From Child Rape to Zinā with a Child: Analysis of Consent to Sexual Intercourse and Minimum Age of Criminal Liability under Acehnese Qanun Jinayat

By Waskito Jati Having remained under the jurisdiction of the Indonesian judicial system, the codified Acehnese Islamic criminal code (Qanun Jinayat) exemplifies the intricacies of incorporating classical Islamic concepts alongside modern and secular government regulations.[1] The case being discussed in this essay is one example wherein a child rape allegation turns into an allegation of … Continue reading From Child Rape to Zinā with a Child: Analysis of Consent to Sexual Intercourse and Minimum Age of Criminal Liability under Acehnese Qanun Jinayat

Weekend Scholarship Roundup

SCHOLARSHIP ROUNDUP On Islamic Law: In "The Judiciary and the Rule of Law in Afghanistan" (Judicature 105, no. 3 (2021)), Mehdi J. Hakimi (Stanford Law School) argues that, long before the Taliban's rise to power, the Afghan judiciary experienced "institutional design flaws, primarily in the constitutional architecture, [that] curtailed the judiciary’s capacity to act as … Continue reading Weekend Scholarship Roundup

Islamic Law in the News Roundup

ISLAMIC LAW IN THE NEWS Abel Awad, an American lawyer and Islamic law expert, stated that the viability-based reasoning behind the famous U.S. Supreme Court decision Roe v. Wade, recognizing a woman's right to an abortion, imposed one religious view of viability on the American society while marginalizing other religions' view on viability, including that … Continue reading Islamic Law in the News Roundup

Islamic Law in the News Roundup

ISLAMIC LAW IN THE NEWS Islamic fintech, or iFintech, witnessed considerable growth recently, with Malaysia described as "the most robust ecosystem supporting the industry." Online and mobile-first fintech companies, sometimes called "neobanks," are increasingly offering sharī'a-compliant services, in a move to accommodate the needs of their Muslim clientele. While many Afghans continue to fear the … Continue reading Islamic Law in the News Roundup

Episodes in which the ʿUlamāʾ, according to Islamic Law, were Opposed to the Tax

By Mehdi Berriah This is part two in a series of four posts on the financing of jihād during the Mamlūk period. First Episode The first episode took place in dhū-l-qaʿda 657/November 1259, after Quṭuz dismissed al-Manṣūr ʿAlī, the son of his former master, the first Mamlūk sultan al-Muʿizz Aybak (d. 655/1257), and proclaimed himself sultan. The … Continue reading Episodes in which the ʿUlamāʾ, according to Islamic Law, were Opposed to the Tax

Portals to the Future: Translations of Powers of Attorney

By Nurfadzilah Yahaya Powers of attorney form the basis of the second chapter of my book Fluid Jurisdictions: Colonial Law and Arabs in Southeast Asia (Cornell University Press, 2020). The digital collection of these documents produced by the Arab communities in the Straits Settlements (mostly Singapore) in the Koh Seow Chuan Collection in the National … Continue reading Portals to the Future: Translations of Powers of Attorney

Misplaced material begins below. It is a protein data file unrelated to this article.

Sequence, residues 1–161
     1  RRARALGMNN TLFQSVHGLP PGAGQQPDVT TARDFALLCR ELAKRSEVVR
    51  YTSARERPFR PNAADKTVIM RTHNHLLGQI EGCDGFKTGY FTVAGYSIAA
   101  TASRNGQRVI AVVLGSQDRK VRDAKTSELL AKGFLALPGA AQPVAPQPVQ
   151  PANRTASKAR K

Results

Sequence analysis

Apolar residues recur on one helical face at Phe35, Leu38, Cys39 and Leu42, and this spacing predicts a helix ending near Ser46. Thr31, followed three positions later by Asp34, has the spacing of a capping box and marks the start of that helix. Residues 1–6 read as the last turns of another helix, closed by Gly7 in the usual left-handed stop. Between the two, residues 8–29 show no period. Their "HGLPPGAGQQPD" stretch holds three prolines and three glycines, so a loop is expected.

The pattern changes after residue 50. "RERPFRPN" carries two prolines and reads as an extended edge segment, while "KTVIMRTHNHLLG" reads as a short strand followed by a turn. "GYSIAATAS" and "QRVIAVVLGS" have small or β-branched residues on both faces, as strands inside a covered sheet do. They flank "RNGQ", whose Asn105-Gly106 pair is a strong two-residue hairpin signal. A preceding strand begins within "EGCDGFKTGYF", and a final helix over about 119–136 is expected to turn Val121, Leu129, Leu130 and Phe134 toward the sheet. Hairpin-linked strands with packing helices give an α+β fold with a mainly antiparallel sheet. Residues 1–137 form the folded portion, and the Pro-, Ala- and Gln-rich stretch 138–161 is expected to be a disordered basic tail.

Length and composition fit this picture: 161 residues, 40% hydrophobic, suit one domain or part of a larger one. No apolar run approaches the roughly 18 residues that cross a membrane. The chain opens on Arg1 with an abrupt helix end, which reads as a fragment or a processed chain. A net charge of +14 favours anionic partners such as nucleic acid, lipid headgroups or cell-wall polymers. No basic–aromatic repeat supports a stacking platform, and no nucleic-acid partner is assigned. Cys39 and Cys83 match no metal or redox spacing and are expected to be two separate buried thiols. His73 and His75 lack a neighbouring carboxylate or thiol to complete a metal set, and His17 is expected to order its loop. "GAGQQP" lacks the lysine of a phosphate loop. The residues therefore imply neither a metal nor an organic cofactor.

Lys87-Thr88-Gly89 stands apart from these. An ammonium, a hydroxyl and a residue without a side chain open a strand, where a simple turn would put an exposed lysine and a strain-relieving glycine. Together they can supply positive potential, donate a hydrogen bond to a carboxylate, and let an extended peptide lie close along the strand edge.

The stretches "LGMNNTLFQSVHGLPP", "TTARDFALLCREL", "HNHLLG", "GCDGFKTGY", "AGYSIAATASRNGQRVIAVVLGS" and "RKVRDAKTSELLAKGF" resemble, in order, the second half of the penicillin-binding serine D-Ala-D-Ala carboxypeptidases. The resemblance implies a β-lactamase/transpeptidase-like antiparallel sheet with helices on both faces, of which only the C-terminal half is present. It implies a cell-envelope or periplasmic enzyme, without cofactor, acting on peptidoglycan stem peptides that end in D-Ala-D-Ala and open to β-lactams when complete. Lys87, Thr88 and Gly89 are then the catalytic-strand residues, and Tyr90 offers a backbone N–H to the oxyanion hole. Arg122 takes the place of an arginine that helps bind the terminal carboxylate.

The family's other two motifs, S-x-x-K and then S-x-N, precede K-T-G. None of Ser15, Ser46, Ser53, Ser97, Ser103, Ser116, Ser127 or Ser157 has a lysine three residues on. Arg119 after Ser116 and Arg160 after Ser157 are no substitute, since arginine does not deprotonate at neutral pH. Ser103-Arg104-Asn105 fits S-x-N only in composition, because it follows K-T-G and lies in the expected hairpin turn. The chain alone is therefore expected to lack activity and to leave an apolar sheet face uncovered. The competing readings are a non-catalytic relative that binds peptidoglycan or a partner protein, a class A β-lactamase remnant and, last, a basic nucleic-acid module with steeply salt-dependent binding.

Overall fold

Islamic Law in the News Roundup

Islamic Finance Guru, a UK-based Islamic finance platform, recently raised £3 million in investments. The Saudi Crown Prince's overhaul of the country's legal system and practices traditionally thought as being mandated by sharī'a has given rise to discontent among some of the population. Ahead of the national Islamophobia summit, the National Council of Canadian Muslims … Continue reading Islamic Law in the News Roundup

Weekend Scholarship Roundup

In "The Application of Maqasid Al-Shari’ah in the Foreign Policy of Islamic States" (International Journal of Academic Research in Business and Social Sciences, 2021), Usman Safiyanu Duguri and others discuss the relevance of the objectives of Islamic law (maqāsid al-sharī'a) to how Muslim-majority nations formulate their foreign policies, with an added observation that maqāsid al-sharī'a … Continue reading Weekend Scholarship Roundup

The continuum approach: Multiple legal solutions to run a diverse empire

By Petra Sijpesteijn (Leiden University) This essay is part of the Islamic Law Blog’s Roundtable on Islamic Legal History & Historiography, edited by Intisar Rabb (Editor-in-Chief) and Mariam Sheibani (Lead Blog Editor), and introduced with a list of further readings in the short post by Intisar Rabb: “Methods and Meaning in Islamic Law: Introduction." Two … Continue reading The continuum approach: Multiple legal solutions to run a diverse empire

Al-Qarāfī’s collection of legal distinctions

By Mariam Sheibani Source: Al-Qarāfī, Shihāb al-Dīn. Kitāb al-furūq aw Anwār al-burūq fī anwāʿ al-furūq. 3rd ed. Edited by Muḥammad Sarrāj and ʿAlī Jumuʿa. 2 vols. Cairo: Dār al-Salām, 2010. General Description: This excerpt comprises the seventy eighth ‘legal distinction’ in Qarāfī’s collection of legal distinctions (furūq). Legal distinctions are a subset of legal maxims, … Continue reading Al-Qarāfī’s collection of legal distinctions